The massive raspberry bush that towers over our garden started out innocently enough.  A friend had bought a house with an overabundance of landscaping, and he was looking to simplify by getting rid of a few of the yard’s many beds.  Bill and I went over to take a look, and returned home with a rose bush, some blanket flowers and a chunk of a raspberry plant.  The cheery red and yellow blanket flowers found a new home in our front flower bed, the rose bush went next to the house, and we transplanted the raspberry plant in a corner of our vegetable garden.

The rose bush bit the dust not long after we adopted it, but the blanket flowers are still going strong.  And to say that the raspberry bush thrived is an understatement.  If we had not taken preventative measures, it would cover our entire garden by now.  The plant sends out little creeping runners, which if left unchecked, will develop into  new canes.  As our garden is not very large, and we were tiring of constantly weeding mini raspberry canes, we came up with a plan:  We would install a barrier to keep the plant corralled within its allotted garden plot.  After looking at different options, we settled on 12″ metal flashing.  We figured in a few minutes we could dig around the perimeter of the raspberry bush, install the flashing, and voila–instant raspberry fence.

What we failed to remember was that when we moved into the house six years ago, a large tree stood only a couple of feet from the raspberry bush’s current home.  And trees have roots.  Which are very thick near the base of the tree.  So, installing the flashing became a chore that took several hours and quite a bit of sweating, sawing and swearing.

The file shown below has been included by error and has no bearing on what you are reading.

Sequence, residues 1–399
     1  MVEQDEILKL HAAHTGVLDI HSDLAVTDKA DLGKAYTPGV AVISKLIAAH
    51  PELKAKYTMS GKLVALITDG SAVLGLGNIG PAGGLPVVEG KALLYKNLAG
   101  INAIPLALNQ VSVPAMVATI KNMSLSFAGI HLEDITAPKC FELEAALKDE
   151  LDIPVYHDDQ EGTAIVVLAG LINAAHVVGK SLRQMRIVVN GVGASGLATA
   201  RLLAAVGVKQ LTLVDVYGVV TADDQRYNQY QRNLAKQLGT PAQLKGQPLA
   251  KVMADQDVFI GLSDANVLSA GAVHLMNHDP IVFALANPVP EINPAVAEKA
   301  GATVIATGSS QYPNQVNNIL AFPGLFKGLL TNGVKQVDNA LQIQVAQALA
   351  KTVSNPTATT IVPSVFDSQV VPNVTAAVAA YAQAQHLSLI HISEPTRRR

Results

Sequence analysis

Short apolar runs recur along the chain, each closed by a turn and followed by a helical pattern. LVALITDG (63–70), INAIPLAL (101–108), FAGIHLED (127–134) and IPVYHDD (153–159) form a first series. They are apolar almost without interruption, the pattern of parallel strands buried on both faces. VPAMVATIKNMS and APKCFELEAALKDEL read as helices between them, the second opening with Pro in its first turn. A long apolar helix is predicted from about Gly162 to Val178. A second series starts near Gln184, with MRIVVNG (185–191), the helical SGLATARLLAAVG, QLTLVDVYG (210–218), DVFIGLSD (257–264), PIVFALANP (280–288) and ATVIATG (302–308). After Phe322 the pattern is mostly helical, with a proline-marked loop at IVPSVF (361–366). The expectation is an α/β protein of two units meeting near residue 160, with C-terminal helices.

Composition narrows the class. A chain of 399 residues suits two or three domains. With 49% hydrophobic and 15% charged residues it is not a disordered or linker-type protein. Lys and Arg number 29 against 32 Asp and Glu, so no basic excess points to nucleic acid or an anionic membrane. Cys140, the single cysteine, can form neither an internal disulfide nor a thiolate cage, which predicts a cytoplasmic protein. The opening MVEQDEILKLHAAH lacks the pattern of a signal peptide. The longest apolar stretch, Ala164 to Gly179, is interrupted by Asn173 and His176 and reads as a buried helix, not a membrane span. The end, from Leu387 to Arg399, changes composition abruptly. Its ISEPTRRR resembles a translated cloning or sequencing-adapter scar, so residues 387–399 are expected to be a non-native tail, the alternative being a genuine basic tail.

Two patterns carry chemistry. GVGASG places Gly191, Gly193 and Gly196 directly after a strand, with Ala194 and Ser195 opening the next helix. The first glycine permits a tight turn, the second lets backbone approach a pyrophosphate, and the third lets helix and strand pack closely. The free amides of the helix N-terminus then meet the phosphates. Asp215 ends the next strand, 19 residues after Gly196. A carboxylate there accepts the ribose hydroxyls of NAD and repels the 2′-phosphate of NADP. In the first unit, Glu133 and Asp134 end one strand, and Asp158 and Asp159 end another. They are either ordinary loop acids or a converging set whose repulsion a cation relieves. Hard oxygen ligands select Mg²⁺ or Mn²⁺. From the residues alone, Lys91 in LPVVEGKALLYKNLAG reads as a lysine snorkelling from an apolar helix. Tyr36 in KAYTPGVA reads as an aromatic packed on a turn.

Our tricky raspberry bush still sneaks some runners under the flashing on occasion just to keep us on our toes, but they are not nearly as invasive as they used to be.  The now-restrained 4′ – 6′ raspberry canes produce a beautiful abundant crop of plump red berries each July that we use in many recipes, including the mouth-watering pie, below.  The recipe is extremely simple if you buy pre-made frozen pie crust, but if you want to make your own–hey, knock yourself out.  A slice of this juicy, slightly tart pie with vanilla bean ice cream is a heavenly combination. However, since I made the pie up north at our cottage this week with groceries and ingredients transported in a cooler, we were sans ice cream this time.  Oh well.  Guess I’ll have to make it again!

NOTE:  The first time I made this recipe exactly as written, and it was very soupy.  This time I added about 2 tablespoons of cornstarch and it was just right.  Also, in the oven I was using,  I had to bake it about 10 minutes longer than instructed.

RASPBERRY PIE

http://allrecipes.com/recipe/raspberry-pie-ii/detail.aspx

Let’s Hear it for Simplicity

One of the best things about having a garden is being able to enjoy foods at their absolute freshest–moments after being plucked from the plant.  This past week, we picked our purple pepper and enjoyed an impromptu snack with just a pinch of salt.  We harvested our tiny crop of sugar snap peas and popped them in our mouths without any adornment or cooking.  And this morning, I collected a handful of juicy, ripe raspberries and ate them for breakfast seconds later atop some plain Greek yogurt.  As the tin sign in my guest bedroom says, sometimes it’s nice to “Live Simply.”